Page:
Following on from the previous post, Sydney psychiatrist Professor Alan Rosen* explains his concerns:
“The 4th Australian Mental Health Policy is a huge disappointment and
should never have been approved in this form. It is superficial,
complacent & self-congratulatory about weak partial achievements.
It glosses over many important deficiencies in the 2nd and 3rd policies and
plans. It lacks vision, and has no clear direction, goals or objectives
or constructive signals which will make any difference to those of us
who run services on the ground.
I agree with Lesley Russell and Bob Wells about the 2 major problems stated with this
I agree that it is a major limitation that the evaluation of the 3rd report, which should have been crucial to informing the 4th policy and plan, was never released and was actively suppressed by the Commonwealth Department of Health and Ageing and some state administrations on flimsy grounds.
This evaluation was never even revised in consultation with the authors for obscure reasons. What could these administrations have to fear? Was it really that critical?
If this is not so, why not release it, and allow the stakeholders, some of whom gave their precious time contributing to this evaluation, to judge for themselves?
The irony was not lost on many of us, that this policy was launched at an International Mental Health Network Leadership Meeting in Brisbane, which was sponsored by the Australian Government, and whose major theme was Social Inclusion.
A key tenet of Social Inclusion, as emphasised there, is ensuring that the voices of all stakeholders are heard. There was no open public consultation regarding the draft policy.
Only 100 people were selected and invited, largely at their own or their employers’ expense, to a brief national consultation on the draft policy last September.
The organisers rejected most substantive concerns, as well as specific and goal-focussed recommendations. They then did not release for comment the amended draft, which was largely unchanged from the original draft, even to participants, before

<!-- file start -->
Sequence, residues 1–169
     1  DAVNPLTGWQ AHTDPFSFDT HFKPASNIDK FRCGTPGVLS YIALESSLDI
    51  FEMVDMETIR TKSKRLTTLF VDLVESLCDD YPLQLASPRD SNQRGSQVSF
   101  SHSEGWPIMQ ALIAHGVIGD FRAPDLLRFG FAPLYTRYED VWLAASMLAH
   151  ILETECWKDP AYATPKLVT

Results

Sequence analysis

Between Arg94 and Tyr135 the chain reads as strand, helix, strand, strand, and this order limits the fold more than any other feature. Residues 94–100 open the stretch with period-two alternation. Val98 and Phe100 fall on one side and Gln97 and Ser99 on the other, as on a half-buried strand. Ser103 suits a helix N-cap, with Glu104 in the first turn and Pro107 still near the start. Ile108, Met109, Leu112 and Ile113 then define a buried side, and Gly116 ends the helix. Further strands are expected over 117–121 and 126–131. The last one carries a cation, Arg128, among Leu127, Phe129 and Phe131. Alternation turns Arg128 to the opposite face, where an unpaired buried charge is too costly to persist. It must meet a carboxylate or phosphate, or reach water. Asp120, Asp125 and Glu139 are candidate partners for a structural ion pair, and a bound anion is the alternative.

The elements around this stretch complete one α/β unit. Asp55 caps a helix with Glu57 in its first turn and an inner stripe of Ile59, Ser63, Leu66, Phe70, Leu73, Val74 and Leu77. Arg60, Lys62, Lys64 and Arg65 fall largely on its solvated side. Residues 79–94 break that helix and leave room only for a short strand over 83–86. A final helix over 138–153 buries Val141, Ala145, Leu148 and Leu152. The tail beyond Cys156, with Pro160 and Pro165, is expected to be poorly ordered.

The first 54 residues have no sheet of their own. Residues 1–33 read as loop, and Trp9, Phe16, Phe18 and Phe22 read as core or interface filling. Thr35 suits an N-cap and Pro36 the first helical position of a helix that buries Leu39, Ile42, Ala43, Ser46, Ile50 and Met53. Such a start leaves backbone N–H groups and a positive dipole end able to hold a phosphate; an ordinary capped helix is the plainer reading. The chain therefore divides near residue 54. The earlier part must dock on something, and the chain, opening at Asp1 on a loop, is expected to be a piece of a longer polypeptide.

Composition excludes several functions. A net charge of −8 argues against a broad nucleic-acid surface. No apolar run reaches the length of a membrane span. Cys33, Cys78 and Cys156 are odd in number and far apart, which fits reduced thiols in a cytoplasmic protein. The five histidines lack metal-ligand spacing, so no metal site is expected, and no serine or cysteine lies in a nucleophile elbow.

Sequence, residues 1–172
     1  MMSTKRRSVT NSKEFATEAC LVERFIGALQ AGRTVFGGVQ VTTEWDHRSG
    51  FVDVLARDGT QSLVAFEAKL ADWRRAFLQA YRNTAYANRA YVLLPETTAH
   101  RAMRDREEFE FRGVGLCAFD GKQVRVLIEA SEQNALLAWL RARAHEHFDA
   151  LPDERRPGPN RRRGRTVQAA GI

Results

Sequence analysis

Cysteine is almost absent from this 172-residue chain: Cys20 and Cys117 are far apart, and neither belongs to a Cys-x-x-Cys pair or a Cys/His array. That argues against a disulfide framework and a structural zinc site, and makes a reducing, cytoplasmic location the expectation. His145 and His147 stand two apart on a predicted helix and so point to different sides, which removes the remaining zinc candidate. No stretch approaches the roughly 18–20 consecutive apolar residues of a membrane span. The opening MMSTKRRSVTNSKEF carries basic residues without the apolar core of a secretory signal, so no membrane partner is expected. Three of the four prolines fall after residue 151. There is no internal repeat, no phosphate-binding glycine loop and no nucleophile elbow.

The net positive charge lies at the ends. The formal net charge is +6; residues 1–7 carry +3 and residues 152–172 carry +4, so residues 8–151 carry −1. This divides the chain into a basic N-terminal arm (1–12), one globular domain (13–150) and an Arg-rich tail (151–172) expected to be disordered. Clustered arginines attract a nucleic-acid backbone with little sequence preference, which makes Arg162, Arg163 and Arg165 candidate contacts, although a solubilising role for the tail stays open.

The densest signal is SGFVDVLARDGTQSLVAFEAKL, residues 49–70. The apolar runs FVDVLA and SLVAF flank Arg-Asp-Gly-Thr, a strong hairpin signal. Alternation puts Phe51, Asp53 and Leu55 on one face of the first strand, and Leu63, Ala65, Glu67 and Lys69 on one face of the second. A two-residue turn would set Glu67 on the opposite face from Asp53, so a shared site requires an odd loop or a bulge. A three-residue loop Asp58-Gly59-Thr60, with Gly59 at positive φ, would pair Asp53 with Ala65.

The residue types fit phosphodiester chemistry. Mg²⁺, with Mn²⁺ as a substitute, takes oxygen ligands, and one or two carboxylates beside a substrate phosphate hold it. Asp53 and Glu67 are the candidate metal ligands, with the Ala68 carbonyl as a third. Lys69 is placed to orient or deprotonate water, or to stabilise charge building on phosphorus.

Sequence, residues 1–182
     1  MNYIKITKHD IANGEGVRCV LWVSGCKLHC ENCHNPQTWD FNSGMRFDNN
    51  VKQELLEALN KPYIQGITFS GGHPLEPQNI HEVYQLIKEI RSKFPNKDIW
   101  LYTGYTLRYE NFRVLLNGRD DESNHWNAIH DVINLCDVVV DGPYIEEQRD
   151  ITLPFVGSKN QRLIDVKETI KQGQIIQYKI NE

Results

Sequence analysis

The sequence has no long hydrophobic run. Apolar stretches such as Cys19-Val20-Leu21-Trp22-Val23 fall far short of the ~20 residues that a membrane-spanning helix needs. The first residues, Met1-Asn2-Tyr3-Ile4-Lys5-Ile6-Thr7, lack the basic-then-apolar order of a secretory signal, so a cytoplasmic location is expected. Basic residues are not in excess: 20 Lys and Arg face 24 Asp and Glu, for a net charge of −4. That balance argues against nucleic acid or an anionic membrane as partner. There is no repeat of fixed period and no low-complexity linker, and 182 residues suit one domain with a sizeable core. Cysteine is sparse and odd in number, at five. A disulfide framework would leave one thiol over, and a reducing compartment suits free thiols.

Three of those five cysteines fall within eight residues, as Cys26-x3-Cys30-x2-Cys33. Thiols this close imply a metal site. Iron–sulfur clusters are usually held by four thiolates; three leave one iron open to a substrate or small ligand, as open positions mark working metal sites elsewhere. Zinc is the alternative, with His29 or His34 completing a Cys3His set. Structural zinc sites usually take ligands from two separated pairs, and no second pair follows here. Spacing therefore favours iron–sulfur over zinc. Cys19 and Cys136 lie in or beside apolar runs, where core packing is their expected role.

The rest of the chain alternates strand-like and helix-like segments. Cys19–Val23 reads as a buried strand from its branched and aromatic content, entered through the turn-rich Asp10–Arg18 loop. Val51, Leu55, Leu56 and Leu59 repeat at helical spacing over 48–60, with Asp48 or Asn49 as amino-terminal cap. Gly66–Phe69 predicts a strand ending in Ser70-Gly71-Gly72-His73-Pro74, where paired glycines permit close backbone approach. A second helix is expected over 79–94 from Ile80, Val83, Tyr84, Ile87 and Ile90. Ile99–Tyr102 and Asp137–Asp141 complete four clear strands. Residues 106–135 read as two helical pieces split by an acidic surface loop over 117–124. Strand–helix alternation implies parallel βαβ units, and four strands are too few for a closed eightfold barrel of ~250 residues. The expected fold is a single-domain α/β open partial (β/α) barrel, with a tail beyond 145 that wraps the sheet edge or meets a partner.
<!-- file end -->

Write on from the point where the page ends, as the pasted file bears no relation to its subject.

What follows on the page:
prematurely presenting it to all the Health Ministers for sign off.
What a waste of expense, goodwill and gathered expertise. What discourtesy and disrespect shown to the wider mental health community.
At the launch, to our collective relief, the Hon. Claire Moore, representing Minister Roxon, put in parentheses much of the excessively laudatory language provided by the bureaucracy for her to read out in this prolonged commercial for this phantom policy, which was not produced for perusal, either in summary or whole, even at its own
I publicly requested a right of reply, but was refused by the chairing Australian administrator.
This irony must have been fairly obvious to the gathered international
audience, and was embarrassing for all the Australian service users and
providers present who knew what was really going on.
Below is a letter sent to Nicola Roxon on 20th February regarding my
serious concerns about her approval of this policy, to which I have received neither acknowledgement nor reply.”
* Alan Rosen is Secretary. Comprehensive Area Service Psychiatrists’ Network;
Associate Professor Department of Psychological Medicine, University of Sydney;
Professor, School of Public Health, University of Wollongong
20th February 2009
Hon Nicola Roxon
Minister for Health & Ageing
Commonwealth of Australia
RE: NATIONAL MENTAL HEALTH POLICY
I am writing to about my concerns regarding the National Mental Health Policy, recently approved by you and the Australian State Health Ministers.
I was invited to the national consultative meeting regarding the draft policy. I now appreciate that the policy adopted by health ministers is almost identical to the draft we considered at that meeting except for the preamble.
The policy states that this policy “provides vision”, but little substantive or practical vision is evident.